One morning last month, just after pedaling up a long hill through Golden Eagle Estates that leads to a Pleasanton ridge trailhead, Karl Wenzler, 46, collapsed from cardiac arrest in front of his friends, Brian Martinez and Joe Narciso.
The three friends regularly ride their mountain bikes together, and on this day they planned to continue up a steep, unpaved trail. Martinez, an Alameda County Sheriff's deputy, and Narciso, an executive with Safeway, rushed to assist Wenzler, calling 911 for paramedics and to administer CPR since their friend was unconscious and not breathing.
Assisted over the phone by an emergency medical dispatcher from the Alameda County Regional Emergency Communications Center, Martinez and Narciso worked together to repeatedly pump Wenzler's chest several hundred times, followed each time by mouth-to-mouth breaths for nearly 30 minutes. The physical effort to keep him alive was exhausting, and the dispatcher offered specific instructions and encouragement.
"I know it's tiring, but you guys are doing a really good job," said the dispatcher.
Eventually a hiker, Michelle Stearns, also assisted with CPR until the Livermore-Pleasanton Fire Department transported Wenzler to ValleyCare Hospital. Thanks to quick thinking and the tireless work of Narciso and Martinez, their cycling companion is expected to make a full recovery.
Memory lives on: After more than two decades, Internet accessibility and restricted budgets have led to the difficult decision to close the Ryan Comer Cancer Resource Center, founded in 1991 as part of the ValleyCare Health Library.
The center was named after Amador Valley High School student Ryan Comer, who was stricken in the late 1980s with a rare form of pediatric cancer.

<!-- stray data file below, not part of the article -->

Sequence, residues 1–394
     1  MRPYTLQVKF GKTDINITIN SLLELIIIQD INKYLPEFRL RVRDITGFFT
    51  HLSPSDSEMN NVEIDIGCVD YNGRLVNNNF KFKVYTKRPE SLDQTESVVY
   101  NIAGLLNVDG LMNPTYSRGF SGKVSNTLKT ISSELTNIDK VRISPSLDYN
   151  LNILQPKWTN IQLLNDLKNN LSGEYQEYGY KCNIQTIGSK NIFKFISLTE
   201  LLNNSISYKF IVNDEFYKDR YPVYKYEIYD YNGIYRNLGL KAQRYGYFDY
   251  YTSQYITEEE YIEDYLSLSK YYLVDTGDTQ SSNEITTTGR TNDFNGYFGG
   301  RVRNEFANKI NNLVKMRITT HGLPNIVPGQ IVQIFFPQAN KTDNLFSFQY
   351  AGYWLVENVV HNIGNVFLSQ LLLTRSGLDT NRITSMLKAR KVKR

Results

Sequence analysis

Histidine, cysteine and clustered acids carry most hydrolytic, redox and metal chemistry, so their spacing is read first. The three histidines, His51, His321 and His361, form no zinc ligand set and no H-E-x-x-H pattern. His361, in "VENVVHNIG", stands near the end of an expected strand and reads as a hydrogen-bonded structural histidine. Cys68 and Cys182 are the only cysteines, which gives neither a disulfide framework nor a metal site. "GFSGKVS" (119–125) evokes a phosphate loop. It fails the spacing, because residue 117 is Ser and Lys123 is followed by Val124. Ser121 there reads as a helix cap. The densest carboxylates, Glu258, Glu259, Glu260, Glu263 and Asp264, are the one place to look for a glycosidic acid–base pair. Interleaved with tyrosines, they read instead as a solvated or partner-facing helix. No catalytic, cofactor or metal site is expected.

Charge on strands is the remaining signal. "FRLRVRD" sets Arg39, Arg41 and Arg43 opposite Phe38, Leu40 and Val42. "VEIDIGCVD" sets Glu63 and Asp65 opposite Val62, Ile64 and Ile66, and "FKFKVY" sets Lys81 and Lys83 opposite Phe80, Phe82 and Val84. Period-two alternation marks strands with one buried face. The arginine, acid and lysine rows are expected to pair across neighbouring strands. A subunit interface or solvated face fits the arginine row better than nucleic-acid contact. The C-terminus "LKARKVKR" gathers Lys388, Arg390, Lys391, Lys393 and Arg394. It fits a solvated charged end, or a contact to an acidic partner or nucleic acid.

Comer's mother, Billie, who researched the cancer without any Internet in those days, learned about an experimental treatment.
"We had high hopes for a lifesaving bone marrow transplant," said Billie, who explained that she and her son flew to Minnesota 23 years ago last month to consult with doctors.
"At the time, I was working for a small bank in downtown Pleasanton and learned of Ryan's illness from Sharrell Michelotti and Pat Kernan. Since insurance did not cover the treatment, we opened an account to accept donations, and the community rallied, raising in a few short weeks more than $180,000.
"I'll never forget Ryan walking into the bank one day with a couple of friends, smiling, wearing a baseball cap, and looking strong despite his illness. We all had high hopes, but sadly, Ryan passed away before the treatment could take place.
"I remember writing out the checks to pay the balance of Ryan's medical bills, with the remainder of $150,000 establishing an annual scholarship benefiting high school students at Amador and Foothill high schools.
"Despite the closure of the cancer resource center -- whose printed materials will be donated to local municipal libraries -- Ryan will continue to live on not just through those who knew him, but through the high school students who are awarded scholarships every spring to help them achieve their dreams."
Reach Jim Ott at firstname.lastname@example.org.